This was week 16, the final week of ‘Season 1’ of Shop D&D, the conclusion of ‘The Ballad of the Blue Fox’ and one of the worst sessions, from my perspective, that I have run thus far.
That the majority of (verbal) feedback was positive is solely attributed to how much I’ve grown as a DM these few months and, if my proverbial mouth would quit getting overfilled with players to try to chew, I’m certain I could run a lean and mean game for 4-6 players.
4-6 was not the number of players, however. It was, in fact, exactly twice that. As in, we started with 8 and got up to… 12, I think. Which is a lot of players. People think 8 is a lot, but I could get soooo much done in a session, if I had only 8 players. Hopefully, I’ll be able to report on that circumstance next week ;p (And, or course, after I’ve run large games and learned a lot about what NOT to do, AngryGM goes and writes up an amazing summary of why large groups are hard and how to run them easier (Just the first 3rd of that, although the next has value.))
Sadly, I realized the morning after how I should have run it, the Elegant Twist. I will consider myself a ‘good’ DM if I can spot the ET before the game and can run it instead.
I am in anguish, because I failed to see the ET. This session could have been So. Good., but I robbed my players of that through my own ineptitude. So here is what I should have done to start the game. None of this, save for where people started the session, is what occurred (including, sadly, the beginning summation. I was no where near that consicse or direct.)
Matt(In full Super-Saiyn DM mode. Lots of dynamic vocals and evil fingers/smug slurps when fitting):”Okay, so last time, you were commissioned by Constable Hogan to abduct King Erazmus. Using a combination of stealth and diversion, you have defeated most of the foes who stood against you. The Spear of Anubis is lying prone on the ground from where you have been pummeling it. Of the guardsmen, they’ve been falling like wheat before the scythe. Two remain facing the intruders in the stairwell. Vester, the newest, now most senior, of the guard gulps nervously. Captain Vintegarde points his blade at the barbarian’s face and spits a word in, I don’t know, primordial or something. Ebony flames wrap around the blade. A gesture with the other hand and his bracer expands and unfolds into a shield. He raises his blade above his head aaaannndd… I’m afraid I’m going to need a Dex save.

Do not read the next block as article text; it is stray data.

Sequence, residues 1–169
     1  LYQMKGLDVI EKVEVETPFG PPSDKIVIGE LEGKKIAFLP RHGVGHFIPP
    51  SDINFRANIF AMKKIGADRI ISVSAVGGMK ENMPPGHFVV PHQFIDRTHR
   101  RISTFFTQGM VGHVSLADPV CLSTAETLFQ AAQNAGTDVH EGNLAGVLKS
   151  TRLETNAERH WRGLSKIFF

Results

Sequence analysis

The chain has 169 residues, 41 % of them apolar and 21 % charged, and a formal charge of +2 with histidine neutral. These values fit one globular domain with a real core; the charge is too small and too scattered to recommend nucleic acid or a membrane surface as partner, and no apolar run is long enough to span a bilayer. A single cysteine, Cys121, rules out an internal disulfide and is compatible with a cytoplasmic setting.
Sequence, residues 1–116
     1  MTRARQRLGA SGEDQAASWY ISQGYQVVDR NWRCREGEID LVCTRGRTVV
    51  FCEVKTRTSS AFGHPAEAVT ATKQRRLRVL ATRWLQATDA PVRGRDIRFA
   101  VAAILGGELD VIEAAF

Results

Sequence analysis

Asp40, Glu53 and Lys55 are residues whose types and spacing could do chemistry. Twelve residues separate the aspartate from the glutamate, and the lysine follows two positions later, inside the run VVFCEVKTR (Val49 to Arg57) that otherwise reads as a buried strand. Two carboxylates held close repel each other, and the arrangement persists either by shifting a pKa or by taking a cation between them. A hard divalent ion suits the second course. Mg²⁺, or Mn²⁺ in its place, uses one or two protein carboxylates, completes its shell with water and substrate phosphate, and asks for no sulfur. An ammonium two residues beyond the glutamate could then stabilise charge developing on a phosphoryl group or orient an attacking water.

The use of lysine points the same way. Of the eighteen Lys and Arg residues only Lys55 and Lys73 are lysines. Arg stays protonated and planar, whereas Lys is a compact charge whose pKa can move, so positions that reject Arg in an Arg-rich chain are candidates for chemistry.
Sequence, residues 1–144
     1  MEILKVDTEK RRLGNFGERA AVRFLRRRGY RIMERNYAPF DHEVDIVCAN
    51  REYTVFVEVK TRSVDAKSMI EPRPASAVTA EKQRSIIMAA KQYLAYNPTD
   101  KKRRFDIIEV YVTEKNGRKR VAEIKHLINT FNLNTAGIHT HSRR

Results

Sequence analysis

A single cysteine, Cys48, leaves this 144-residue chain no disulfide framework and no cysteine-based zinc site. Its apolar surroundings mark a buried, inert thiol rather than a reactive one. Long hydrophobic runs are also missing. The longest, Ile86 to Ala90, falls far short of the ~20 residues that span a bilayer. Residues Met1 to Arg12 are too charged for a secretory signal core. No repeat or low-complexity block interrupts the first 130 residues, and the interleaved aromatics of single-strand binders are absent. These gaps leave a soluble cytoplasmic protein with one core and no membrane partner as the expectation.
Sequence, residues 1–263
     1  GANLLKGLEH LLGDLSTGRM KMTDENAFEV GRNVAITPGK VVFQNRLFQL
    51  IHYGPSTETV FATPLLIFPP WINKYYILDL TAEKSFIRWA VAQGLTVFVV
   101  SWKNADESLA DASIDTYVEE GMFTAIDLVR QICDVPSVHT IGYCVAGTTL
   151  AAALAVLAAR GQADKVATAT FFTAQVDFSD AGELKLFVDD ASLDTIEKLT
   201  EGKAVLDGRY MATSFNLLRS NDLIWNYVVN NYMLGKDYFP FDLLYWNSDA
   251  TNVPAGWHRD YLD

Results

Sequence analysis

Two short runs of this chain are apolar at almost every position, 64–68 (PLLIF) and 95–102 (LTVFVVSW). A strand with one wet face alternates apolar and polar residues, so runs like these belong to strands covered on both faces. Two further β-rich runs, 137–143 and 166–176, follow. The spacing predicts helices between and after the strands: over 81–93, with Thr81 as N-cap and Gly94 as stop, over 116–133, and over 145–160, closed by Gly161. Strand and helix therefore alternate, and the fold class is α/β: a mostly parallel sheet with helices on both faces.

Barbarian: “From me?”
Matt(wicked grin): “Actually, from EVERYBODY! Beat a 15 or fall prone as the ENTIRE manor lurches as if hit! Druid, you need to make a Handle Animal instead, to keep Trampler of Peasants (or ‘Tornado’ as the humans call him) from bolting. Incidentally, as you are outside the manor, your elven eyes can make out this monstrosity, an unnatural inky blackness against the night sky. It stands, oh, 40? 45 feet tall? And with a mighty swipe, there is now a window in the king’s bedroom. And the guards’ room. And, actually, there is a lot less ‘that side’ over on that side of the manor.”
A bit of surprise discussion commences as i reveal the new map and place people in the new layout, taking their saves into painting the new picture.
Matt(Quickly, to each group as I name them): “O-Kay!! Vault crew! Who is still standing? K. You 3 felt the hit and heard the CRACKTHOOM! of distant crumbling stone. You know it was not part of the plan. The vault is still intact, as far as you can tell.
“Stairwell peeps! How were your rolls? Okay, the stairwell is now distributed along the lower floor, with the ruins of the servant’s quarters. Vintegarde swears under his breathe as he stands, shaking dust and rocks off of him. He glances at Vester, who landed on his feet, and says ‘Vester can you move? Good. Get down to Blazemane and tell him his deterrents failed and we need him up here.’ Vester heads to the lower stairs. The good captain turn towards the monstrosity, which you can see pretty clearly. It has 4 massive arms and has creepy eyes and mouths EVERYWHERE. Vintegarde points his sword again, speaks a different word, and now he’s rocking white fire. He meets your eye, Barbarian, and gives a cautious ‘Truce? Truce.’ nod.
“Throne room! Everyone who was by the king’s door is now back here. Who is on their feet? What did the displacer beast roll? Okay. There is no longer a door to the king’s room. There is no longer a king’s room! Looking straight ahead you see the monstrosity. Well, it’s head and shoulders, at least. Well, it’s ‘head’ and ‘shoulders’. You’re able to identify it as the same black goop Shaster and Selena dissolved into. You also see hovering in the air, a translucent black sphere, about, oh, 15ft in diameter. It contains a section of the wall and floor, a nightstand with a lit lamp and a few bottles of wine, a bed with a king’s ransom worth of plot, and 2 shield guardians, one with a pair of ‘short’ swords and one whose hands are extended, as if casting a spell of sphere of protection. The king is reading a book as if nothing happened. The Sphere hovers slowly, and sets it’s contents, gently right here-ish.